Around Easter, grocery stores practically give eggs away. Last night I came across a website that explains the differences in supermarket eggs. I thought I would share some of this information here. For the record, I did not verify this data so if you know something is not correct, please let me know.
First of all, the color of the eggshell has no bearing on the nutritional value of the egg. Instead, it is related to the ear or cheek color of the hen. Second, the color of the yolk is directly associated with the hen's diet. A very pale yolk means that the hen lives in overcrowded quarters, is underfed or lacks greens in her diet.
The supermarket eggs that you normally throw in your grocery cart come from 'battery hens.' These are White Leghorn hens that are crammed into small cages so they barely have room to stand let alone move around. Commercial egg farmers prefer White Leghorns because these chickens are super egg laying machines. They are provided food, water, and light 24 hours a day (the more hours of light a chicken gets, the more eggs she lays). The hens never see the sun or a rooster, they never taste grass, they never get to peck at the ground or take dust baths. In short, as the author of this website says, they live in Chicken Hell. As I mentioned above, the eggs from these birds are pale, higher in cholesterol, and for the most part tasteless. Of course, you may not know this if you have never eaten a 'real' egg.
Some people pay a premium for brown eggs because they think they are healthier. Well, sometimes those brown eggs are simply supermarket eggs that have been dyed brown so the next time you buy brown eggs check the carton. Real brown eggs tend to be healthier because the most common commercial brown egg layer breed - the Rhode Island Reds - cannot tolerate being housed in overcrowded cages. These birds have to be kept in runs which means slightly better eggs.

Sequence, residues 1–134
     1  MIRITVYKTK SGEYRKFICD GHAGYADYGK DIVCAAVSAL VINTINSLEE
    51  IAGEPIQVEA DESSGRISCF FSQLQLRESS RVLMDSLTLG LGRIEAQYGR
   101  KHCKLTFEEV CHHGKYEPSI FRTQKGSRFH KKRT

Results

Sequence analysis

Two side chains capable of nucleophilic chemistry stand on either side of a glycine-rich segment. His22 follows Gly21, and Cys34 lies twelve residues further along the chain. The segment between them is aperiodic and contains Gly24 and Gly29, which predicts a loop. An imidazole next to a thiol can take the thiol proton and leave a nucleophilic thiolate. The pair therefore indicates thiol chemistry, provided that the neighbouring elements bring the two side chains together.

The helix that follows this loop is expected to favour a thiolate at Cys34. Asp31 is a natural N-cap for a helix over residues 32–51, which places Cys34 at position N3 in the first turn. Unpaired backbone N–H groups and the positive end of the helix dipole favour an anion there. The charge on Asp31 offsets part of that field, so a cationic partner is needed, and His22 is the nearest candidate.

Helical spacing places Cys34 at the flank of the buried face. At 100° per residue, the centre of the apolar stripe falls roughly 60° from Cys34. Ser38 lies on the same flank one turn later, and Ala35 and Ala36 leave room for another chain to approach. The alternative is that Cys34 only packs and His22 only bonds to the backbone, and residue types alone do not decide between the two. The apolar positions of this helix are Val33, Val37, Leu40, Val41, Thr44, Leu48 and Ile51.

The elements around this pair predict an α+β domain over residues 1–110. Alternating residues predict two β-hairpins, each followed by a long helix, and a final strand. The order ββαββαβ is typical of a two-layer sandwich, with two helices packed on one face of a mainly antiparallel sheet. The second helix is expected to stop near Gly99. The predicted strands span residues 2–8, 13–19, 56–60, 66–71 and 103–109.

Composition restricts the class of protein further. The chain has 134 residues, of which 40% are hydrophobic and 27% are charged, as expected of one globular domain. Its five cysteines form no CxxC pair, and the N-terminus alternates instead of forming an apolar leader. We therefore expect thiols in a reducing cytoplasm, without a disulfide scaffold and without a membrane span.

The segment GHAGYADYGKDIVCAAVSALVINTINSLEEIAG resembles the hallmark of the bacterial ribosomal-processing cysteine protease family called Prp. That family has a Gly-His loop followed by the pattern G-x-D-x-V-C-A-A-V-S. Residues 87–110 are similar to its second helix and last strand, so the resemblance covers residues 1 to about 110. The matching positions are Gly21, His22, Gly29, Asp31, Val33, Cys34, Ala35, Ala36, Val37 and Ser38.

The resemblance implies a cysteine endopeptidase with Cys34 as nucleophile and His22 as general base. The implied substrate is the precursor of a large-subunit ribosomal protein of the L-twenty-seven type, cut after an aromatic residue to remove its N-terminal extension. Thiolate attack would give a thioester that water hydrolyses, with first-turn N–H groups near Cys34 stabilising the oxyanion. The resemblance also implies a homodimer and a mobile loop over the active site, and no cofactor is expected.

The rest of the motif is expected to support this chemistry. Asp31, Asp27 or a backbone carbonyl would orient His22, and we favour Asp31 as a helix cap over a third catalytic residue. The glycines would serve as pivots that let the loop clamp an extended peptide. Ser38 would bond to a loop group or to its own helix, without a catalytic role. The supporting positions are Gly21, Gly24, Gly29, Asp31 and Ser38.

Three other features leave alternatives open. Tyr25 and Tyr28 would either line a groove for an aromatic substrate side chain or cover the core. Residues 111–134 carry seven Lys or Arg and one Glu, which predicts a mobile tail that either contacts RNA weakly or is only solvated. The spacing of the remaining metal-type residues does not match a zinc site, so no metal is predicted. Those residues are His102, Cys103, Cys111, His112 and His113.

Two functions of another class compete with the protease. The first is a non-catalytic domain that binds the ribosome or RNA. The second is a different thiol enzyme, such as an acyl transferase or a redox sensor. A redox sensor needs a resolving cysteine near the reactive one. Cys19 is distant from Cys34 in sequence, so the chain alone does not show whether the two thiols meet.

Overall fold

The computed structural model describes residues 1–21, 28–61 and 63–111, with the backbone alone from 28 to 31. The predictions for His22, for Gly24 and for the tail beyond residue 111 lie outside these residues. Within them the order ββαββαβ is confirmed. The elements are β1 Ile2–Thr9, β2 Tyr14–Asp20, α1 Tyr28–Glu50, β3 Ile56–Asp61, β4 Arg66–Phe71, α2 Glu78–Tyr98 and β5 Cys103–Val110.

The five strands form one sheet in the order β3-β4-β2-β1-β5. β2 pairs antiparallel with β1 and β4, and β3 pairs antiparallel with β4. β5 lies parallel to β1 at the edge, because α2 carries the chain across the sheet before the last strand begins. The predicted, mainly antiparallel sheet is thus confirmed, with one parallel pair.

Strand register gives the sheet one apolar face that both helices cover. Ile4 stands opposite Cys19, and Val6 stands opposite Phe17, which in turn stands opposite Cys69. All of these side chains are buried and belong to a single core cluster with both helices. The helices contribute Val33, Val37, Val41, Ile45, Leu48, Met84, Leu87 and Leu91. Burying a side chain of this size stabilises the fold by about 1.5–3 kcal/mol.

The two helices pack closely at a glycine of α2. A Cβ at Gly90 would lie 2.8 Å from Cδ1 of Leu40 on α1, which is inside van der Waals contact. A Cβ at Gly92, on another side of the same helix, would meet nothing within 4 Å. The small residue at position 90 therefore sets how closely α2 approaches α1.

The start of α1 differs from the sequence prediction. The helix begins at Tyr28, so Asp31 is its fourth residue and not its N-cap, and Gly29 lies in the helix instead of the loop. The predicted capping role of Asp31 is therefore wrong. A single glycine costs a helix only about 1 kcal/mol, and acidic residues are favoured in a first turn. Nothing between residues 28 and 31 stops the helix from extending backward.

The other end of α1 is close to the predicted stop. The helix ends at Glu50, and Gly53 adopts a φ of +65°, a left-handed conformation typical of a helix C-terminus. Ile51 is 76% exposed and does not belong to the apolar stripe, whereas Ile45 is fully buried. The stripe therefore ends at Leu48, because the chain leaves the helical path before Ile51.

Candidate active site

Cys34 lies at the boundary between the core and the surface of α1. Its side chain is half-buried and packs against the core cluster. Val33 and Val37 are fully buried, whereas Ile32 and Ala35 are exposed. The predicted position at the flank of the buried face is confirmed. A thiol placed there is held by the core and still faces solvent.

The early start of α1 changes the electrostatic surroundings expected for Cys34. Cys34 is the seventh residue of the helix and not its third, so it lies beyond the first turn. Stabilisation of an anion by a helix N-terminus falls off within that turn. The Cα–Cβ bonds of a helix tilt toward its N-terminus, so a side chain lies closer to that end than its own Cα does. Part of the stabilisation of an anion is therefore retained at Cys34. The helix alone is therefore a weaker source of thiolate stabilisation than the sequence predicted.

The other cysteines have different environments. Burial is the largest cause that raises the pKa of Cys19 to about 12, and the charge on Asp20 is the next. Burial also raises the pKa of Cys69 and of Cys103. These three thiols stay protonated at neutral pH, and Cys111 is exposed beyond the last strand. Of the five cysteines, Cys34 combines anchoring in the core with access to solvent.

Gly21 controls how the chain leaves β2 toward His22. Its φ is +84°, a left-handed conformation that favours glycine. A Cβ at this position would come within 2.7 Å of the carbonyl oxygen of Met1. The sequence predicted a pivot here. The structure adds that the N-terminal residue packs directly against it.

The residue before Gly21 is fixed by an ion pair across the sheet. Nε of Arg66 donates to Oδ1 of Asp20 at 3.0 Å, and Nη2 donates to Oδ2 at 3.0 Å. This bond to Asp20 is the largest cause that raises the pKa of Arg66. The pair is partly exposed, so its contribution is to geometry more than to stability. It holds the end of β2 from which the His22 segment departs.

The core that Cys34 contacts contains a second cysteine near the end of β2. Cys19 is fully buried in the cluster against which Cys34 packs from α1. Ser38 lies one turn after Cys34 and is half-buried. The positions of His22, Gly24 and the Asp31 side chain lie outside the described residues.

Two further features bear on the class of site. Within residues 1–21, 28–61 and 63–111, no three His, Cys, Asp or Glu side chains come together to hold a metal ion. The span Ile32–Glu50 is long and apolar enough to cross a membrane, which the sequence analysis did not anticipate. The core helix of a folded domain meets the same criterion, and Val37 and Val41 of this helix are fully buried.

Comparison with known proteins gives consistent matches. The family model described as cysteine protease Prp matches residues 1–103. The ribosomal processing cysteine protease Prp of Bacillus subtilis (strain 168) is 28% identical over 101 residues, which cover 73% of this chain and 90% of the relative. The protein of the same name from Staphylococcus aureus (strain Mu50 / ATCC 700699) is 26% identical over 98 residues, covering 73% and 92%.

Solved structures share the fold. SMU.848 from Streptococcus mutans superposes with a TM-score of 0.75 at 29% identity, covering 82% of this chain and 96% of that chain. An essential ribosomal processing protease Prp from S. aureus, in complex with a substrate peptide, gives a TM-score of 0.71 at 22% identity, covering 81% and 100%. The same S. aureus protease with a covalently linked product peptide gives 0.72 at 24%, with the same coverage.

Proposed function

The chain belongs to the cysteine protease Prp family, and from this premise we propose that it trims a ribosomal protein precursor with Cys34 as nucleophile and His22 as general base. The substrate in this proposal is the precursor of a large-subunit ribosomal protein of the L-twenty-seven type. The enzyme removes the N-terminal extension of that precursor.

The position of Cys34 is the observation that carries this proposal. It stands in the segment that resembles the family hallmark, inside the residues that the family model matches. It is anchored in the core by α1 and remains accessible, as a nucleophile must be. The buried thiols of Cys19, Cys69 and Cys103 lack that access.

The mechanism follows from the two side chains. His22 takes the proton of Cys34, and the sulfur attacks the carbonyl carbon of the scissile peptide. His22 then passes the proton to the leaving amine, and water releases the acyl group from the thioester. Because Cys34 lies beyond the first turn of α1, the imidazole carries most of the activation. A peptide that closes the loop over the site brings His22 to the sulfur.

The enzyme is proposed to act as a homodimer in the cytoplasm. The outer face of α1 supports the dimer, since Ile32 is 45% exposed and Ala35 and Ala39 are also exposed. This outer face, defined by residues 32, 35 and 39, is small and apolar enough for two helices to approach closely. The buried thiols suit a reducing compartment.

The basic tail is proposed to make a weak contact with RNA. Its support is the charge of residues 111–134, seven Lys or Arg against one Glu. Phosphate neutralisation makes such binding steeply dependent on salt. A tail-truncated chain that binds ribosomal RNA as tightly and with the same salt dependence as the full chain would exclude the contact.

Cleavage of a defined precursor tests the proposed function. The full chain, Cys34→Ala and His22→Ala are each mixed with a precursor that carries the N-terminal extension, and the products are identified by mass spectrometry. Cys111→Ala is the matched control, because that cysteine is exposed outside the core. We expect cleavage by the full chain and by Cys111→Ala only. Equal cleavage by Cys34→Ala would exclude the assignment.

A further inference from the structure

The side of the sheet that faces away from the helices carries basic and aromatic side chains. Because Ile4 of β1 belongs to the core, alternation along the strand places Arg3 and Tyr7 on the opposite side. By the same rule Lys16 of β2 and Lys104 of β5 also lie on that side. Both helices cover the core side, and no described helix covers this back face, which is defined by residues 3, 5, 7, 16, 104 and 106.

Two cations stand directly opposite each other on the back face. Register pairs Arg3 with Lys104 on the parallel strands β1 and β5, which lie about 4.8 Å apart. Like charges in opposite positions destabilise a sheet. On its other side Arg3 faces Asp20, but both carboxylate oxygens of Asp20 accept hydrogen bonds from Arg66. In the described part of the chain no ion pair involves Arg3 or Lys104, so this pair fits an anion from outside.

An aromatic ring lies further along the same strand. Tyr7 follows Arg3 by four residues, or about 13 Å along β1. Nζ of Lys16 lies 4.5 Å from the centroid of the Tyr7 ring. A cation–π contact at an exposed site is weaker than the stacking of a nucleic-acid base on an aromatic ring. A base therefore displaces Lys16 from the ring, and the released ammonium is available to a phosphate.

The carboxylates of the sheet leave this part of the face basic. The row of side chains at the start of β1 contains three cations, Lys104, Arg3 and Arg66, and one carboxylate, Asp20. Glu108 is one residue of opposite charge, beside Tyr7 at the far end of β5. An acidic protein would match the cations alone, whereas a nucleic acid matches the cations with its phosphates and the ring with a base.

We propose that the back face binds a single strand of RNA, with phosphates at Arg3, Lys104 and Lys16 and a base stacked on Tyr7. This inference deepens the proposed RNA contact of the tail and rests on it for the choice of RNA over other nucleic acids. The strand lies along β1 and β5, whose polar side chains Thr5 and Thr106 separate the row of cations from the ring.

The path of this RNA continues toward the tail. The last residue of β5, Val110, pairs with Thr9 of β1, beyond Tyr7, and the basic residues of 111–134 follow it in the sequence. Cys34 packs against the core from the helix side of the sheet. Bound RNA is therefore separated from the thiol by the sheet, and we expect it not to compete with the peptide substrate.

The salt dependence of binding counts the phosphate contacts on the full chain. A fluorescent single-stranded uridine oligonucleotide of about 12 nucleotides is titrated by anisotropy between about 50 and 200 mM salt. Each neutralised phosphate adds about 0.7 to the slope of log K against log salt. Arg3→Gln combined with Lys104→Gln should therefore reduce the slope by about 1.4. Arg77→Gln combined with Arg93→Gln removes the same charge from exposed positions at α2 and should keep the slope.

What about those fancy fertile eggs? A fertile egg simply means that a bunch of hens and a rooster have been crammed 'cheek by jowl' into a large run inside a building that is lit 24 hours a day. The rooster may or may not have mated the hen. Roosters, like the Rhode Island Reds, cannot be kept in battery cages. Fertile eggs are only slightly better than the white supermarket eggs.
Free range eggs are the same as fertile eggs without the rooster in the run. The hens live in cramped quarters in a building so they get no sunlight and never experience grass between their toes.
The Madsen/Wong eggs will be 'pasture' eggs since our chickens are free range birds with access to sunlight and grass and lots (and I mean lots) of room to stretch their legs. Our eggs will have a very dark yolk since the birds will be eating lots of plants. We will also feed them lettuce and spinach. I will also supplement their diet with organic chicken feed designed specifically for laying hens.